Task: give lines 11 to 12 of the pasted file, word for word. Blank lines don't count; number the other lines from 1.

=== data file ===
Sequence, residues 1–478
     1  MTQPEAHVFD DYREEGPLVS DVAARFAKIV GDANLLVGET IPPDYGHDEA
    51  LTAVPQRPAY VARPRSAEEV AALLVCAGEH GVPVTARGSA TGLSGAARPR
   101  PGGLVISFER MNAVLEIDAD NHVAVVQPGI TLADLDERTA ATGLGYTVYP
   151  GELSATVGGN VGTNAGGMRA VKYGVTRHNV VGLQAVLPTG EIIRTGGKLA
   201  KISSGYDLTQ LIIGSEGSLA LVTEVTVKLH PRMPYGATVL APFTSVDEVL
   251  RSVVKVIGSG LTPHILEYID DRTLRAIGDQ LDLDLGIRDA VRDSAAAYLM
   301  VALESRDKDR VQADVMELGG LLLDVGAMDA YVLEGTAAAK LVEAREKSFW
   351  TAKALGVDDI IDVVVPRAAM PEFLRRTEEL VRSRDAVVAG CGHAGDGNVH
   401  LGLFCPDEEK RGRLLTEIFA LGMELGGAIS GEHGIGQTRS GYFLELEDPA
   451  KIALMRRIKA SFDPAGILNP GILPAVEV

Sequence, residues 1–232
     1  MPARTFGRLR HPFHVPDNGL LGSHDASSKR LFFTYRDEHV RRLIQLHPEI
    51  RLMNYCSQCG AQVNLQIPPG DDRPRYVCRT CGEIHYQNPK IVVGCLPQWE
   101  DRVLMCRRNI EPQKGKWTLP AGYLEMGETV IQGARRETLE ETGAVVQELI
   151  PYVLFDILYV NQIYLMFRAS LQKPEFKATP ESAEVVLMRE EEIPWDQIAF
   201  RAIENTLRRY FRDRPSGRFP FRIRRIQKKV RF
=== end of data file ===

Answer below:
   451  KIALMRRIKA SFDPAGILNP GILPAVEV

Sequence, residues 1–232